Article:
Book Image

Practical Predictive Analytics

By : Ralph Winters
Book Image

Practical Predictive Analytics

By: Ralph Winters

Overview of this book

This is the go-to book for anyone interested in the steps needed to develop predictive analytics solutions with examples from the world of marketing, healthcare, and retail. We'll get started with a brief history of predictive analytics and learn about different roles and functions people play within a predictive analytics project. Then, we will learn about various ways of installing R along with their pros and cons, combined with a step-by-step installation of RStudio, and a description of the best practices for organizing your projects. On completing the installation, we will begin to acquire the skills necessary to input, clean, and prepare your data for modeling. We will learn the six specific steps needed to implement and successfully deploy a predictive model starting from asking the right questions through model development and ending with deploying your predictive model into production. We will learn why collaboration is important and how agile iterative modeling cycles can increase your chances of developing and deploying the best successful model. We will continue your journey in the cloud by extending your skill set by learning about Databricks and SparkR, which allow you to develop predictive models on vast gigabytes of data.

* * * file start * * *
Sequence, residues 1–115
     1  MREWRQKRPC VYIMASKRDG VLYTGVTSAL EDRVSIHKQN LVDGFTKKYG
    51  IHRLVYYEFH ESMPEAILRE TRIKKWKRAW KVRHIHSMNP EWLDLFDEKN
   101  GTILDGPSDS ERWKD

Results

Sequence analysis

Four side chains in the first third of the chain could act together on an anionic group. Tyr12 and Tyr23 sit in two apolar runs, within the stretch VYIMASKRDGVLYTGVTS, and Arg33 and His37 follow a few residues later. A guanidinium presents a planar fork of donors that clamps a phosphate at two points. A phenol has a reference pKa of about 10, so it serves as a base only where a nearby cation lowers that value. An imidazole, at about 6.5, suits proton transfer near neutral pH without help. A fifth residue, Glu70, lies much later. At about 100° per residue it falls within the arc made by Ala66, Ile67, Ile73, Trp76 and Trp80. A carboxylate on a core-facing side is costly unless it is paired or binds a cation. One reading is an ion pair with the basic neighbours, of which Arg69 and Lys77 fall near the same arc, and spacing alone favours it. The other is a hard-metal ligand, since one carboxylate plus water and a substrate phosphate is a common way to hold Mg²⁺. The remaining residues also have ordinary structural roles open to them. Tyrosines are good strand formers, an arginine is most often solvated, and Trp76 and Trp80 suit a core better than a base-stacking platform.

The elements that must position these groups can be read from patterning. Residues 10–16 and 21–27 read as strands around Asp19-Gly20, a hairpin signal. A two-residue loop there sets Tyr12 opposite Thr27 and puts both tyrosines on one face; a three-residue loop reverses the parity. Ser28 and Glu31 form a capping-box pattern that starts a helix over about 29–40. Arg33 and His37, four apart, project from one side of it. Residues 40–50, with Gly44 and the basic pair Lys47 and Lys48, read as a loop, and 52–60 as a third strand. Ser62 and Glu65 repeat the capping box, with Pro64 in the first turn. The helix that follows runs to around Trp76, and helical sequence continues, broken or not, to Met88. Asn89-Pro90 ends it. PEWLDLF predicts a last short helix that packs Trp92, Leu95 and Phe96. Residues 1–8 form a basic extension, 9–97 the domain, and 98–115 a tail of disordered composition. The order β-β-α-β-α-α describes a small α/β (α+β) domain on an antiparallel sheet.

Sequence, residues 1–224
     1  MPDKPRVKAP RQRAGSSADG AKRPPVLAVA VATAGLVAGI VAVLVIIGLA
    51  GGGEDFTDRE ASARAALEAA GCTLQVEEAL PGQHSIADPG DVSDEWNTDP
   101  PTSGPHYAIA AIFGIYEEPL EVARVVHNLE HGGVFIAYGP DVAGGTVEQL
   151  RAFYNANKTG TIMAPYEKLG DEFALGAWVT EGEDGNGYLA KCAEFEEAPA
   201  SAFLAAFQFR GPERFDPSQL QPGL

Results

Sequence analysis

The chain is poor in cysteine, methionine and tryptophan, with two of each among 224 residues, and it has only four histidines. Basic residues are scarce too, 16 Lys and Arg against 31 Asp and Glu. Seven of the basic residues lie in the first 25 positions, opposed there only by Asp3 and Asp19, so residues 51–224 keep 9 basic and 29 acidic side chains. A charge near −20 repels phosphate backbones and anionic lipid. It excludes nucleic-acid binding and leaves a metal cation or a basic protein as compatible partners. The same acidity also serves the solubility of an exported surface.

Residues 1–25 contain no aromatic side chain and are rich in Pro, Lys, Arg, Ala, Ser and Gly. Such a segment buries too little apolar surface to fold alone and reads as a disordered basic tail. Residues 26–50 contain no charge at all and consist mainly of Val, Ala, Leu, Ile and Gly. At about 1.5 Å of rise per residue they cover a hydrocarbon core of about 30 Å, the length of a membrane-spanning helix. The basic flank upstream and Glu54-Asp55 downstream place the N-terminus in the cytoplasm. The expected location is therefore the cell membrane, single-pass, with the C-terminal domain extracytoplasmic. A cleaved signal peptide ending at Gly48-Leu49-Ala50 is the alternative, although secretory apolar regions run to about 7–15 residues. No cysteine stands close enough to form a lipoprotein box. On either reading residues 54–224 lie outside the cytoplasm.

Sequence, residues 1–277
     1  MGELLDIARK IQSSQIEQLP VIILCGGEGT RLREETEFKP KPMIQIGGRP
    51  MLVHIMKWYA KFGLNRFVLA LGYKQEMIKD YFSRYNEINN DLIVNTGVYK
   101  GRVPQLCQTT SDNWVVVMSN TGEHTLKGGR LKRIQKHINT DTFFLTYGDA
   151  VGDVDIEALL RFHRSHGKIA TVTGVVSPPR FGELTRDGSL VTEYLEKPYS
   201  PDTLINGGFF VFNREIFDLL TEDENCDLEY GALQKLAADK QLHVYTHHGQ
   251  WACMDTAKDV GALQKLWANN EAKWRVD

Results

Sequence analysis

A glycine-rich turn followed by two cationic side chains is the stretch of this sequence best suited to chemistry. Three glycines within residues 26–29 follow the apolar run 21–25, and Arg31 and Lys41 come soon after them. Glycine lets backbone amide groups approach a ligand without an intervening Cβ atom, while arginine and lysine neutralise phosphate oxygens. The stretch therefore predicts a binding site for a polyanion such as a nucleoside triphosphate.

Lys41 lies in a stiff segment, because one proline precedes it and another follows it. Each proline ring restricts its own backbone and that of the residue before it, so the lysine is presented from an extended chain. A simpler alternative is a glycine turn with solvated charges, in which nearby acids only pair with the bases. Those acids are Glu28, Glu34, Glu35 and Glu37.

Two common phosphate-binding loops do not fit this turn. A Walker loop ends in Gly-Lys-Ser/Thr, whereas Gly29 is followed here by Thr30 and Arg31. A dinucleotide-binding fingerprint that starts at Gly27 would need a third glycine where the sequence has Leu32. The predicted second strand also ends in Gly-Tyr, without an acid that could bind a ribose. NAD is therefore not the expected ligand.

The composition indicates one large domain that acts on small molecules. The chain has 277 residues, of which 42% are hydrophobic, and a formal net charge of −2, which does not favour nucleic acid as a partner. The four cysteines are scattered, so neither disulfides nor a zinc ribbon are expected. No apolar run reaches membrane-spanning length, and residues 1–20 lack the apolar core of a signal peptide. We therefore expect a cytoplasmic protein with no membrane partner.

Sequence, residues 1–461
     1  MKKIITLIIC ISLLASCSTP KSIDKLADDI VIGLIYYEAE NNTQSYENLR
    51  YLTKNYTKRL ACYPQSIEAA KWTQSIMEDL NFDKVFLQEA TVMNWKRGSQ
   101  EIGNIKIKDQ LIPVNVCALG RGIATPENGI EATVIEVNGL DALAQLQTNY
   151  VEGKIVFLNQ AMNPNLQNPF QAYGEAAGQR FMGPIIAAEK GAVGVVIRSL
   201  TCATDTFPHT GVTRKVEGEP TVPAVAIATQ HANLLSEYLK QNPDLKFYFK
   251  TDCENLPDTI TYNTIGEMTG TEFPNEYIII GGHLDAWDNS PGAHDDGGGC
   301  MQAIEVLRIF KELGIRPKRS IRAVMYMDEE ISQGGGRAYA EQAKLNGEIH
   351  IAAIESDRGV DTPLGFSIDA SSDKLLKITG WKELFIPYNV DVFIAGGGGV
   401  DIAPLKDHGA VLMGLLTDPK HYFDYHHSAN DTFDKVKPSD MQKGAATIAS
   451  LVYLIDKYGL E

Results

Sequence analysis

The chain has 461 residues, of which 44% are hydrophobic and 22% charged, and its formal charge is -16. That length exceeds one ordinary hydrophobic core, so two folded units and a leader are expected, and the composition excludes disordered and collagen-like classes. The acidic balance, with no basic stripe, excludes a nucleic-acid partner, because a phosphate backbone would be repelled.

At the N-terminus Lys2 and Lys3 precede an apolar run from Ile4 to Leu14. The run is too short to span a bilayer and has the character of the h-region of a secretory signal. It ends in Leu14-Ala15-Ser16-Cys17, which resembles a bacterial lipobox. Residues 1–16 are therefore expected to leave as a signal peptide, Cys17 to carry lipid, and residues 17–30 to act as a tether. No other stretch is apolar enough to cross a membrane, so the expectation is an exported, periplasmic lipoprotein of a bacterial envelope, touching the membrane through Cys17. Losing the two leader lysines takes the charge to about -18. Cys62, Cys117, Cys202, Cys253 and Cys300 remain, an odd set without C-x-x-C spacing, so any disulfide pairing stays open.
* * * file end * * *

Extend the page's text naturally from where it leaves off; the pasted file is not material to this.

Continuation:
Table of Contents (19 chapters)
Title Page
About the Author
About the Reviewers
Customer Feedback

Performing some automated forecasting using the ets function

So far, we have looked at ways in which we can explore any linear trends which may be inherent in our data. That provided a solid foundation for the next step, prediction. Now we will begin to look at how we can perform some actual forecasting.

Converting the dataframe to a time series object

As a preparation step, we will use the ts function to convert our dataframe to a time series object. It is important that the time series be equally spaced before converting to a ts object. At a minimum, you supply the time series variable, and start and end dates as arguments to the ts function.

After creating a new object, x, run a str() function to verify that all of the 14 time series from 1999 to 2012 have been created:

# only extract the 'ALL' timeseries
x <- ts(x2$Not.Covered.Pct[1:14], start = c(1999), end = c(2012), frequency = 1)

>  Time-Series [1:14] from 1999 to 2012: 0.154 0.157 0.163 0c.161 0.149 ...